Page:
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MQA was launched on December 2014. It is now January 2, 2017 so let’s see where MQA is at today. Remember all the people who said that MQA was not Digital Rights Management? Well Utimaco disagrees. “MQA turned to Utimaco, a leading manufacturer of hardware-based security solutions that provide the root of trust to keep cryptographic keys safe, secure critical digital infrastructures and protect high value data assets. “ “Critical to the continued success and monetization of the streaming and download services of the entertainment industry, is the ability to secure and safeguard end-to-end transmission of intellectual property. A market leader in hardened encryption, Utimaco is at the forefront of enabling the authenticated delivery needed to drive next-generation entertainment consumption.” Now turn to content. As of today there is no music in the genres 80% of American buy, Rock, R&B/Hip Hop, Pop and Country. Add Latin and EDM and you are at about 9 out of ten people buying music in America have no MQA encoded music to purchase. Don’t wait for licensee Warner Music Group to suddenly turn a switch and their music become available because they told the SEC in their latest financial statements they haven’t figured out how to distribute digital music. There are 10 companies that produce equipment with MQA decoders. None of the products have enough units in the hands of consumers to make any impact. Many companies announced they would not support the format. The view of companies neither producing products nor announcing they would not support the format is indifference. Hardly a must have feature. I said earlier this year that I would need 200 artists producing new music in the genres I regularly buy for MQA to be viable a viable format for me. I don’t see any interest by those artists in recording high resolution much less with MQA encoding. Those genres are rock, alt rock, alt country and bluegrass. And personally I will not test any MQA equipment until eight of the nine albums I use as my reference are available in MQA. The Doors “Riders on the Storm “was used as demo of MQA not realizing there was no master to authenticate. Something that was well known but apparently unknown to the MQA people and audio journalists. As of January 2, 2017 two years after its splashy launch we have a lot of audiophile press about MQA, announcements and demonstrations. But there is a limited supply of equipment to decode MQA files and no music encoded for nine out ten American music buyers, classic vaporware.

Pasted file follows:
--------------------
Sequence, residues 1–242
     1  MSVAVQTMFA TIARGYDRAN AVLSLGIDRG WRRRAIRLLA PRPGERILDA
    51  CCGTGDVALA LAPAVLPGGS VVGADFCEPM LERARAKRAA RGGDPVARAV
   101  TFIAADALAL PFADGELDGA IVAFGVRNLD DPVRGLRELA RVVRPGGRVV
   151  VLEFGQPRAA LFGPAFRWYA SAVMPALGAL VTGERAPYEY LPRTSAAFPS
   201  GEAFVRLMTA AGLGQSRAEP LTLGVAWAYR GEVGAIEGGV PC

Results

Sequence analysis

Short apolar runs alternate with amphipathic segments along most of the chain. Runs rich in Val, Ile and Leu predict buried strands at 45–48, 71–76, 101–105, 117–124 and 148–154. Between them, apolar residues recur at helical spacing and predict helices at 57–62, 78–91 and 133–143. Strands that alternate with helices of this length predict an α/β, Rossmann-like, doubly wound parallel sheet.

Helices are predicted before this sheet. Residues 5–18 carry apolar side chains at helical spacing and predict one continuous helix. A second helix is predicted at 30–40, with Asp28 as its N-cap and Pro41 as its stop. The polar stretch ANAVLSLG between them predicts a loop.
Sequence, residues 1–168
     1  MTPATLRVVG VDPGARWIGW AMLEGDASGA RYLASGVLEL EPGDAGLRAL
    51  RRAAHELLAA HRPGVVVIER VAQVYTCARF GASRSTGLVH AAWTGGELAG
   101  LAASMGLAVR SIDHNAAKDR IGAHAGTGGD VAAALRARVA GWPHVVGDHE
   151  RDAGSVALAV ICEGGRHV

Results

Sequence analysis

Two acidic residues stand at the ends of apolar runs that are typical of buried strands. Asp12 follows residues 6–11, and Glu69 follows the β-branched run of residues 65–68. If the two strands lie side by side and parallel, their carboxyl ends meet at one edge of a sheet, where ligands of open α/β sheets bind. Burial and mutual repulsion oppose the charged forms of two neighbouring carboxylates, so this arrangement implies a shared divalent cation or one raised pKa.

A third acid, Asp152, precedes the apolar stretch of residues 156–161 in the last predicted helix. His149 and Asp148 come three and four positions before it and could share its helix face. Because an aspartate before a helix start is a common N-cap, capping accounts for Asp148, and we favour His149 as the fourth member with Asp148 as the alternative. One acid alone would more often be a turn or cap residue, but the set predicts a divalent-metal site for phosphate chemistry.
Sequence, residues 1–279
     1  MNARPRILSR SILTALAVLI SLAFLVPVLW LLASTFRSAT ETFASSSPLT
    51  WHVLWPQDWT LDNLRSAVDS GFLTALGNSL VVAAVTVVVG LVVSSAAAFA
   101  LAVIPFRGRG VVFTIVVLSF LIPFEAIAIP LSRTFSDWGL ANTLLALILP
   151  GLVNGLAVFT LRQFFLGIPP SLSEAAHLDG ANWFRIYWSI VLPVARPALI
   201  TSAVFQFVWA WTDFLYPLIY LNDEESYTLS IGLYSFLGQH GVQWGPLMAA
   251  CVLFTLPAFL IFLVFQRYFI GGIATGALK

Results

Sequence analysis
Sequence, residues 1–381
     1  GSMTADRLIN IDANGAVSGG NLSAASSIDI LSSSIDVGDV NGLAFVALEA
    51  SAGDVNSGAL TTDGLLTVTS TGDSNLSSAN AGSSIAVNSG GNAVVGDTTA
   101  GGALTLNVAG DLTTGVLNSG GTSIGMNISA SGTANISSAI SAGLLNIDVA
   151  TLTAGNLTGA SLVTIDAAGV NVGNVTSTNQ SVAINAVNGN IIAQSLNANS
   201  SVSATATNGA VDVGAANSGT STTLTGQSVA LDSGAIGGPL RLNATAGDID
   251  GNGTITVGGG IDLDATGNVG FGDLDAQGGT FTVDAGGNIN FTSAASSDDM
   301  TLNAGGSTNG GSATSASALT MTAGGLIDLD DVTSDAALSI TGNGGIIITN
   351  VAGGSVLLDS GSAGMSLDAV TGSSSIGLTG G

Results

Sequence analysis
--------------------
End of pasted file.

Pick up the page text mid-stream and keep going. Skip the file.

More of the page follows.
https://media.ccc.de/v/34c3-9113-mqa_-_a_clever_stealth_drm-trojan Presenters give a shout out to this forum and its contributors. At around the 50 minute mark the presenters go into what DRM is, and why MQA is a good example of it. They also detail the public/private key aspects of MQA better than I have seen before. All in all a good presentation, the errors being mostly of omission, but with 60 minutes this is expected.